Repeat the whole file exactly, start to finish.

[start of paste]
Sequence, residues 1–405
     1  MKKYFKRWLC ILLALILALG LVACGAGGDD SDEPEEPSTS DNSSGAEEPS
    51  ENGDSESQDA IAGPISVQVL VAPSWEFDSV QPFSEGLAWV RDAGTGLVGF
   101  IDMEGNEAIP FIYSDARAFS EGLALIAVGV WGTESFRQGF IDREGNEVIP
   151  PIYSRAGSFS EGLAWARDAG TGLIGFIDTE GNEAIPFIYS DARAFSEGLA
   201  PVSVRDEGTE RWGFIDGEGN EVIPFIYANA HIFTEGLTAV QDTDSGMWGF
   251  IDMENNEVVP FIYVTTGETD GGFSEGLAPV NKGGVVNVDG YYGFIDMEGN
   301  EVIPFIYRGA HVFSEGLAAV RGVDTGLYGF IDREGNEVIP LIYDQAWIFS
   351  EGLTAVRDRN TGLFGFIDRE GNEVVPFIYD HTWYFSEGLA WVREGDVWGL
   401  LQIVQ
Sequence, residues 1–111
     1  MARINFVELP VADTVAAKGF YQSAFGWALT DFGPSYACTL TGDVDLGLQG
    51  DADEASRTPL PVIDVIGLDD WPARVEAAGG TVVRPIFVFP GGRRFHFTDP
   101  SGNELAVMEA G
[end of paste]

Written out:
Sequence, residues 1–405
     1  MKKYFKRWLC ILLALILALG LVACGAGGDD SDEPEEPSTS DNSSGAEEPS
    51  ENGDSESQDA IAGPISVQVL VAPSWEFDSV QPFSEGLAWV RDAGTGLVGF
   101  IDMEGNEAIP FIYSDARAFS EGLALIAVGV WGTESFRQGF IDREGNEVIP
   151  PIYSRAGSFS EGLAWARDAG TGLIGFIDTE GNEAIPFIYS DARAFSEGLA
   201  PVSVRDEGTE RWGFIDGEGN EVIPFIYANA HIFTEGLTAV QDTDSGMWGF
   251  IDMENNEVVP FIYVTTGETD GGFSEGLAPV NKGGVVNVDG YYGFIDMEGN
   301  EVIPFIYRGA HVFSEGLAAV RGVDTGLYGF IDREGNEVIP LIYDQAWIFS
   351  EGLTAVRDRN TGLFGFIDRE GNEVVPFIYD HTWYFSEGLA WVREGDVWGL
   401  LQIVQ
Sequence, residues 1–111
     1  MARINFVELP VADTVAAKGF YQSAFGWALT DFGPSYACTL TGDVDLGLQG
    51  DADEASRTPL PVIDVIGLDD WPARVEAAGG TVVRPIFVFP GGRRFHFTDP
   101  SGNELAVMEA G